Navy Captain investigated for graphic videos

Navy Captain investigated for graphic videos
Washington: Navy officials said on Monday that it was unclear whether the commander of an aircraft carrier who had produced and appeared in a series of coarse and sexually explicit onboard videos several years ago would deploy with his ship, the Enterprise, when it leaves to support combat missions in Afghanistan this month.

The videos were broadcast to crew members on the aircraft carrier Enterprise via closed-circuit television in 2006 and 2007. (Watch: Crude videos aboard an aircraft carrier)

The videos, which include scenes of simulated masturbation, simulated eating of feces and two men as well as two women showering together, were made by Capt. Owen Honors and shown as entertainment to some 6,000 sailors and Marines aboard the Enterprise in 2006 and 2007. The videos, which also include slurs against gay men, were disclosed over the weekend by The Virginian-Pilot of Norfolk, Va.

The Navy said Sunday that the videos were "clearly inappropriate" and that it was investigating the circumstances surrounding their production. The officials said that although the investigation might not be completed before the Enterprise headed to the Arabian Sea from its home port of Norfolk this month, Captain Honors's superiors could decide to relieve him of command while the inquiry was under way.

Captain Honors, who was the ship's executive officer and second in command when he made and starred in the videos, declined a request for comment on Monday. He was promoted to the ship's commanding officer in May.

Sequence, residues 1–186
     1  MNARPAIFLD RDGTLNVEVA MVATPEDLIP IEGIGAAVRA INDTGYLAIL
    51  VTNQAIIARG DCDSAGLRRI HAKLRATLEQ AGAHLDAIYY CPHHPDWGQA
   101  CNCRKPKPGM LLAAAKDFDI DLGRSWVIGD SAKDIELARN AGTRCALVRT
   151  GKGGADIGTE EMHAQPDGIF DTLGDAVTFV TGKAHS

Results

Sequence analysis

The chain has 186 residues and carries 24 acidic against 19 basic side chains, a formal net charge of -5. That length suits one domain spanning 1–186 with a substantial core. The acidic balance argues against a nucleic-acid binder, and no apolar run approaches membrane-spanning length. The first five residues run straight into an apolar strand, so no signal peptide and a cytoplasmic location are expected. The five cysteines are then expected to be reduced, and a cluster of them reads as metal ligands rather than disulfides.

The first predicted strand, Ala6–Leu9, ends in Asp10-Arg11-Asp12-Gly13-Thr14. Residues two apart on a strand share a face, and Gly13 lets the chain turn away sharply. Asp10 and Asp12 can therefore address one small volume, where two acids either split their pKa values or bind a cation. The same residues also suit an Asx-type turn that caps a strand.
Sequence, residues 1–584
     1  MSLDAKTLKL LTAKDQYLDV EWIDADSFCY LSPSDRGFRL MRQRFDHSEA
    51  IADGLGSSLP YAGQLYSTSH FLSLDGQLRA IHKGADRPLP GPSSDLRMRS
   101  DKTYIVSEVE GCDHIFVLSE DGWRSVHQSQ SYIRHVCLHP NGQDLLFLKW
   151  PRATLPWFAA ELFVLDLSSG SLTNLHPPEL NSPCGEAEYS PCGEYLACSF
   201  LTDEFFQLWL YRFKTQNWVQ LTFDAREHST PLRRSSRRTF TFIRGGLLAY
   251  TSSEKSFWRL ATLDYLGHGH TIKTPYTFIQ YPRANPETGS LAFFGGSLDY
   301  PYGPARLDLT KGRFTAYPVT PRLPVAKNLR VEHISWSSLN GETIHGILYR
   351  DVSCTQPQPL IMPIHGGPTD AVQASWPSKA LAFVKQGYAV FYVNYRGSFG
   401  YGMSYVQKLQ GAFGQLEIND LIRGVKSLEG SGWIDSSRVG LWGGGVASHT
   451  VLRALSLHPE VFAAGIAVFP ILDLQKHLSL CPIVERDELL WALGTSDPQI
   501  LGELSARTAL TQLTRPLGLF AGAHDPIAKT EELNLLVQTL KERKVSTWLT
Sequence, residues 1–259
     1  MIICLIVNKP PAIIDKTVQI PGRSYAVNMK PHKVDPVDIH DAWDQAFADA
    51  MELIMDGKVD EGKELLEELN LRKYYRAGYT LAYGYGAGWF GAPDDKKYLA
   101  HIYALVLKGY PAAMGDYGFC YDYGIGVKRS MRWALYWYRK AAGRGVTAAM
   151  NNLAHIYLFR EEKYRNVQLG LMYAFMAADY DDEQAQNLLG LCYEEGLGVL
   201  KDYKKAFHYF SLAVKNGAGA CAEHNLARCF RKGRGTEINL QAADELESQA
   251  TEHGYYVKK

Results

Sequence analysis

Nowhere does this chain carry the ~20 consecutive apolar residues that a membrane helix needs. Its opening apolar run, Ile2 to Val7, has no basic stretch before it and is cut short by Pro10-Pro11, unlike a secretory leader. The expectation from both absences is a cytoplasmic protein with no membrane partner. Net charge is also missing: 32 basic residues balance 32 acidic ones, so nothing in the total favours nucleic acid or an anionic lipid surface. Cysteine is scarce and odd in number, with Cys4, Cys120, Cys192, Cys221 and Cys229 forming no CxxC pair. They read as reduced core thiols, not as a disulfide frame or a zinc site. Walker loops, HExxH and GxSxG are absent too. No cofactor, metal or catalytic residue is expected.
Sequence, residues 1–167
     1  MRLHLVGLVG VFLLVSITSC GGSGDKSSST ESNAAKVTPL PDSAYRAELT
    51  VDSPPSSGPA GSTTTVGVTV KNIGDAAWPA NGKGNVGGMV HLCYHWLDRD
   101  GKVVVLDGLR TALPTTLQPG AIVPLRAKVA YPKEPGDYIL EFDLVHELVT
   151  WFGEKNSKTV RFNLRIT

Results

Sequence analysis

Navy officials had no explanation for why the videos shown on the ship's closed-circuit television surfaced publicly after several years, or why no officers on the Enterprise apparently raised questions about them. The Virginian-Pilot said one crew member mailed a complaint about the videos to the Navy inspector general last week and quoted other crew members who said they were ignored when they objected to the videos at the time they were shown.

The Virginian-Pilot also quoted a female sailor who said she and a number of other women were offended by the videos, a view Captain Honors acknowledged on camera.

"Over the years, I've gotten several complaints about inappropriate materials in these videos, never to me personally but, gutlessly, through other channels," Captain Honors said in one video. He went on to use a derogatory term for gay men and to say, "Why don't you just go ahead and hug yourselves for the next 20 minutes or so because there's a really good chance you're going to be offended."

On Monday a leading military gay rights group denounced the captain. "Capt. Owen Honors was acting more like the president of a frat house rather than the executive officer of the U.S.S. Enterprise," Aubrey Sarvis, an Army veteran and the executive director of the Servicemembers Legal Defense Network, said in a statement.

The videos of the men and women showering together show no nudity; they are shot from the shoulders up in the case of the women and from the waist up in the case of the men.

Comic in-house videos are popular as morale boosters in the Navy as well as in the other branches of the armed services, but military officials said Captain Honors's efforts were an extreme case.

By Monday evening, however, more than 1,700 people, including many former Enterprise crew members, had clicked "like" at a Facebook page supporting Captain Honors. The typical comment was that the videos were not only morale boosters but also funny and that the news media were overreacting.

"Honors was a great commander and those videos were in no way offensive to anybody that I knew on that ship," wrote Ryan Mconnell, who said he was on board the Enterprise in 2006 and 2007. "I stand behind him 100 percent and I actually looked forward to his videos every week."